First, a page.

Parvovirus and Leptospirosis local update

Since November 2023 when parvo cases were first reported in Canberra, STVH has been on alert for any pets presenting with signs of vomiting and diarrhoea (with blood) in unvaccinated animals, especially young animals or older animals whose vaccination is overdue. To help we have sent out many vaccination reminders, if you are in doubt, please phone. We have since heard of the other local vet hospitals having treated cases.
To keep our hospital free of the virus we routinely clean with disinfectant and if your animal has signs, we ask you to phone ahead and you will be triaged through the side entrance into our isolation area where a parvo test can be performed to avoid exposure of other animals in the hospital.
Treatment can be expensive with a long hospital stay, fluids and plasma transfusion, antiemetics and antibiotics. Unfortunately, the virus can weaken the immune system and cause irreversible damage to the gastrointestinal tract and some animals will die despite your vet’s best efforts.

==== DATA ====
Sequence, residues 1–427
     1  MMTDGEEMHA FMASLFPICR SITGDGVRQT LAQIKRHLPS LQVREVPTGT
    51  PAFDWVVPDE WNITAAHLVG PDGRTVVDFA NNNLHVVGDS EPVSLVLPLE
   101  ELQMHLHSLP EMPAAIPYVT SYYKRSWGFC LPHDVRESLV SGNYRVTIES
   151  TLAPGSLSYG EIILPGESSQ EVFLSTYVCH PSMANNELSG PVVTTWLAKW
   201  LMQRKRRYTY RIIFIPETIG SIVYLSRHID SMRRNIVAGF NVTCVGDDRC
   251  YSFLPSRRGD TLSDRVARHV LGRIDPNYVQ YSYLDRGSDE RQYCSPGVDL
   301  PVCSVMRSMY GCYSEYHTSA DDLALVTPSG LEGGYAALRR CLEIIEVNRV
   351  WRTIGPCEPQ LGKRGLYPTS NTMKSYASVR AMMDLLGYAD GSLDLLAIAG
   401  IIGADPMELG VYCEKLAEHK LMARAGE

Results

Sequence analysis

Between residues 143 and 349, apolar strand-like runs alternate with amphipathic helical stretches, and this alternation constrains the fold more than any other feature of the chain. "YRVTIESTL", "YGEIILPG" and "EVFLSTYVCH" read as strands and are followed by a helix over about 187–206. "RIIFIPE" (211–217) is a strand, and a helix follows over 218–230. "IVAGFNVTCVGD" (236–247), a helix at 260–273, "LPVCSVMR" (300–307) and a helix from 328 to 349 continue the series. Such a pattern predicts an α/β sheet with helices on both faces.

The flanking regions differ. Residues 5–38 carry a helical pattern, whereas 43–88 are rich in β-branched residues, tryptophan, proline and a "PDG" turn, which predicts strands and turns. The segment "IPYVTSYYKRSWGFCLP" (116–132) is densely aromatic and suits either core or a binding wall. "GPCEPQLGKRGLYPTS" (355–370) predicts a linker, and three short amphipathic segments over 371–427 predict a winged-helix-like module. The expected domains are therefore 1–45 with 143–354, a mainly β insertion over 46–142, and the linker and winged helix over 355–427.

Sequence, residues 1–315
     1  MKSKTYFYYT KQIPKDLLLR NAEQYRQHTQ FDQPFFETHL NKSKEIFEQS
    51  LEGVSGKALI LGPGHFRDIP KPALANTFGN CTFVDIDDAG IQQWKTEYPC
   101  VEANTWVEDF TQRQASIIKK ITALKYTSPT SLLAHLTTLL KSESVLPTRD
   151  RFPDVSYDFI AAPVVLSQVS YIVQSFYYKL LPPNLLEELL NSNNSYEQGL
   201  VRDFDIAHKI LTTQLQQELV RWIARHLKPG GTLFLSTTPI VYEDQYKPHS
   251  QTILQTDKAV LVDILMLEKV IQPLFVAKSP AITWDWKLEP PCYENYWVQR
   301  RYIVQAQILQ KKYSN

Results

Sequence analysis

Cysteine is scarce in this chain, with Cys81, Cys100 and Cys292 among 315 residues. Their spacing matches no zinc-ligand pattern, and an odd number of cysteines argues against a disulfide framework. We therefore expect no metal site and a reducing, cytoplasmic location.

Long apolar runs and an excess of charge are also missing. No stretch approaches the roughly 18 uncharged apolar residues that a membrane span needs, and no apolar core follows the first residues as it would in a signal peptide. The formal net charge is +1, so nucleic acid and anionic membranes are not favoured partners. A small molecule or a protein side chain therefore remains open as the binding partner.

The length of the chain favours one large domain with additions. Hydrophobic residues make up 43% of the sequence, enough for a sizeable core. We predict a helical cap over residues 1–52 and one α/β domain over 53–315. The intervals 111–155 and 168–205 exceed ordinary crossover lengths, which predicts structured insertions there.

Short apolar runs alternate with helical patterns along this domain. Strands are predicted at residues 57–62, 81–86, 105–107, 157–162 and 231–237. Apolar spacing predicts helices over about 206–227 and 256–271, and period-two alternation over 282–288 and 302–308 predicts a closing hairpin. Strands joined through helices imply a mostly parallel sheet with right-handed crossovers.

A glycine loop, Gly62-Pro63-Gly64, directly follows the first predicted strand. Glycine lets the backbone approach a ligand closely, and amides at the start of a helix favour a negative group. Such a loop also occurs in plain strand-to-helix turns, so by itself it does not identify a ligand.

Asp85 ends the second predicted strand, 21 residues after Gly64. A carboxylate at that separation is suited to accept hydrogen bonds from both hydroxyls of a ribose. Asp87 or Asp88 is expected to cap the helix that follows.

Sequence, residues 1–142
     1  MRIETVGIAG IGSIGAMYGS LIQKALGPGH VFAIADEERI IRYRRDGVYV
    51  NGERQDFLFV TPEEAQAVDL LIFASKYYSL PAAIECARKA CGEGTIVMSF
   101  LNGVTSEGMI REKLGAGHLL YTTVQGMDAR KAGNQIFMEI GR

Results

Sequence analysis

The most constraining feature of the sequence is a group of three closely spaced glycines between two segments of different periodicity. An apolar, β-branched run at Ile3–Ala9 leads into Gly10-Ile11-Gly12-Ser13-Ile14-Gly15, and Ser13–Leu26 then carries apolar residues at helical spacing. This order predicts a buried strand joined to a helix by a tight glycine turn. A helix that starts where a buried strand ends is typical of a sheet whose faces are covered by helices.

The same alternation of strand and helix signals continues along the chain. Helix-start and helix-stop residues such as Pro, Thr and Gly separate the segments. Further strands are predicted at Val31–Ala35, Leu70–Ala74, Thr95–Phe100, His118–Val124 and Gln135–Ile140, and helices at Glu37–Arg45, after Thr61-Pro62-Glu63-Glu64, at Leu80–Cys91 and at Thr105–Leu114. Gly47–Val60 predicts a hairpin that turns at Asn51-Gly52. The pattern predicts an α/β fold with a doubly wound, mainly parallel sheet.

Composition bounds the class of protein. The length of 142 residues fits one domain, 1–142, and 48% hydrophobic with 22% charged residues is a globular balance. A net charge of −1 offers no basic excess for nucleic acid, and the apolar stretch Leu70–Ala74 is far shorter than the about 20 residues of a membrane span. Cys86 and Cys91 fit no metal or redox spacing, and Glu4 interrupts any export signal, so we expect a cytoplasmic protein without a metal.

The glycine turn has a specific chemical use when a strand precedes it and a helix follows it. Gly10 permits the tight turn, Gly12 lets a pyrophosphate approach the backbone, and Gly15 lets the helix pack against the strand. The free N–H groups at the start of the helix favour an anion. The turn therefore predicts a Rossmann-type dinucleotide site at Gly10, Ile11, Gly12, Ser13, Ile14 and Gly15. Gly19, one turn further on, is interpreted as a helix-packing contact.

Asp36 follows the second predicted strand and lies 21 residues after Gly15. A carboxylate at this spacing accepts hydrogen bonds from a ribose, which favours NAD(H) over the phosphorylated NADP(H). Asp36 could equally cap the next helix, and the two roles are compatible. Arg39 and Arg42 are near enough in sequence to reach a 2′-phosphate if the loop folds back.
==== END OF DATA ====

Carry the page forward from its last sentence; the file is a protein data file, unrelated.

To prevent your new pup from being exposed we recommend minimal exposure to areas frequented by other dogs such as outside their yard before the final vaccination at 16 weeks of age (as per The World Small Animal Veterinary Association WASAVA guidelines). A series of 3-4 puppy vaccinations is required depending on the first vaccination date. It is particularly important for an adult booster 12 months after the puppy course and once this is completed, we use a vaccination that lasts for 3 years recommended throughout your adult dog’s life.
An update on the Leptospirosis vaccination, we now have a limited supply to restart those dogs whose course was interrupted by the vaccine shortage or new dogs where the risk of exposure to rodents is high. Rodents are spreaders of this particular disease and it is also contagious to humans (a Zoonosis). With a confirmed case in the highlands and boarding kennels again requiring the vaccination, please contact us to discuss your dogs vaccinations as this disease can be deadly, with liver and kidney failure a consequence of the disease.
Other vaccinations such as canine infectious tracheobronchitis or canine cough immunity only last for 12 months. This is recommended if your dog is very social, attending dog parks , doggy daycare, regular grooming dates or mandatory kennels. This vaccination is usually incorporated with the other diseases discussed to make either a C5 or a C7 Protocol. While not a deadly disease, it is highly contagious and causes Whooping cough like symptoms which can be a problem with dogs with small airways (those under 10kgs).